But this shift raises a number of issues for effective validation and verification.
A key difference between devices designed for the IoT and classic embedded systems lies in the explosion of their possible use-cases. Traditionally, embedded systems were often designed to run in a standalone context or if they were networked would run in a small set of predefined contexts. Such designs could be supported by a relatively straightforward strategy of testing at the unit level, followed by testing the integration of those units and finally testing at the subsystem and system levels.
The IoT redefines the concept of 'system’. It brings with it the possibility of building much larger-scale, emergent systems in which interactions between independently designed devices on the network deliver the system functions. Incorrect functionality within one device can result in unpredictable behaviour at the system level, or may have little to no impact because other devices in the system can respond appropriately.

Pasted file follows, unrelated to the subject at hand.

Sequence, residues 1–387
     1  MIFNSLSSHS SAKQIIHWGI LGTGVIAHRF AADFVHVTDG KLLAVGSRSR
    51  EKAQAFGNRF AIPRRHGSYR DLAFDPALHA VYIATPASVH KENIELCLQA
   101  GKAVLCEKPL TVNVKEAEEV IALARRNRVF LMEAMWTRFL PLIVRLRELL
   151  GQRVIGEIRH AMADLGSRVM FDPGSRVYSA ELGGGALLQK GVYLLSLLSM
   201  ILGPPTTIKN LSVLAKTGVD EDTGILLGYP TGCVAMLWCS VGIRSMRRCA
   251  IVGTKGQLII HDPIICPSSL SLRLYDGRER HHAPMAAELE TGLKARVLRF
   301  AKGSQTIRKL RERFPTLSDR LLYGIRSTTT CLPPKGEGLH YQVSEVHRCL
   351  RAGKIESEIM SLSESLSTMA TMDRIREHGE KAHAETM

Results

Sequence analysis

A number of IoT applications rely on the concept of sensor fusion in which readings from many different sources are combined to build what should be a more accurate picture of what is happening around them. Errant devices may inject noise or incorrect data into the network that causes other devices to respond inappropriately, resulting in the wrong outputs being generated.
Because IoT devices will be designed independently it is almost impossible for the device design team to test for specific problems caused by other systems. Even if some of those systems are available for test before product delivery, a fundamental tenet of the IoT is that new applications will be developed over time that may stress the device in unforeseen ways.
The problems of testing for the IoT raise issues of responsibility. Who is at fault if a single device starts emitting erroneous data that causes a gateway device to report non-existent events that destabilise the control loops used by other components of